Myanmar investment message undermined by politics, sanctions

(Reuters) – The rapid economic transformation of Myanmar, less than two years after transitioning from military control and opening itself to the world, is not without its rough patches, the nation’s top economic minister said on Wednesday.

At the same time, George Soros, one of the earliest investors in Myanmar’s economy and even more so its social reform, said he was troubled by the slowdown in reforms ahead of next year’s elections. Still, he believes multinational companies must be involved in one of Southeast Asia’s last untapped areas.

Soe Thane, Myanmar’s Coordinating Minister for Economic Development, oversees roughly 11 different economic ministries. The former commander of the Myanmar Navy likened the reform process to driving along a potholed street.

Describing a complicated web of land ownership rules and regulations, he expressed hope it would be fixed in the next year.

“I think we will have a comprehensive umbrella law on land policy and land use within six months to a year,” Soe Thane told Reuters on the sidelines of a Myanmar investment conference.

“And after that, we have to go for water reform. It’s a big issue for agriculture, forestry, industrial development” he said.

Parliamentary elections will take place next year, for the first time since President Thein Sein embarked on the reforms that dismantled control by the military, which ruled the Southeast Asia nation since seizing power in a 1962 coup.

While the U.S. has suspended economic sanctions, they have not been lifted entirely and large swaths of the Myanmar economy remain off limits because of rules governed by the U.S. Treasury’s Office of Foreign Assets Control (OFAC).

OFAC maintains the Specially Designated Nationals (SDN) List, a so-called black list that forbids U.S. nationals or companies from doing business with persons or entities listed.

Given the country’s history of military control and its persisting influence over the economy, plus a legacy of drug trafficking, the names of a significant number of Myanmar nationals and companies can be found on the SDN list.

“It is better than nothing that reforms were suspended, but we prefer lifting them,” Soe Thane said.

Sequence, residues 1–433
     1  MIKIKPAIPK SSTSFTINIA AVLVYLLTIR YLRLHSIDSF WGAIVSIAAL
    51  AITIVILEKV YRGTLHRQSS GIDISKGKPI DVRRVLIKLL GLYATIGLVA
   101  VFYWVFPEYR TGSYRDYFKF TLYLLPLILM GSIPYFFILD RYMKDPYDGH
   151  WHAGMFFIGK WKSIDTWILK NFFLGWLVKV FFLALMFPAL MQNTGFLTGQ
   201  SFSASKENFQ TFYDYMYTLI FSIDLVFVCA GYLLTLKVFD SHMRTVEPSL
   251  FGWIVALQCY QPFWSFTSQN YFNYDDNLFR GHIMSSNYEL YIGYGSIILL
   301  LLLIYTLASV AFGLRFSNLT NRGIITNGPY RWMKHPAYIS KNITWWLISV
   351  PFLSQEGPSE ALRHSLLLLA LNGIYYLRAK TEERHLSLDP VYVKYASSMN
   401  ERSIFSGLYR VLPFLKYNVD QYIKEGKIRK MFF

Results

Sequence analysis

There is added political uncertainty as Nobel Peace Prize winner Aung San Suu Kyi’s National League for Democracy (NLD) will go into next year’s parliamentary elections with no presidential candidate. The constitution, drafted during military rule, bars Aung San Suu Kyi from running. Under Myanmar’s political system, parliament chooses the president.

Soros, who sat beside Soe Thane during a panel discussion, said that 20 years after establishing an office for his Open Society Foundation in Myanmar, he had “stuck it out.” The reforms process had been “a wonderful experience, up until about half a year ago,” he said.

“Things have come to a standstill because the elections are now casting a shadow on the activities. I hope it will restart after the elections, because it does need to be restarted,” Soros said.

There is still a land grab under say, said the billionaire investor, and American companies need to be careful about the provenance of titles on properties in order not to fall afoul of OFAC. He also expressed concern about the racial tensions that have flared up, with anti-Muslim violence leaving hundreds dead since 2012.

However, Soros said he believes multinational corporations cannot ignore Myanmar, where the government expects foreign direct investment will grow to more than $5 billion in the fiscal year starting in April.

Soros has invested several million dollars through businesses run by Serge Pun, chairman of the SPA Group, he said, but not directly.

“We would be eager to do it in the areas of banking, finance and agriculture. This is where we feel the country, the people, need this investment most,” Soros said.


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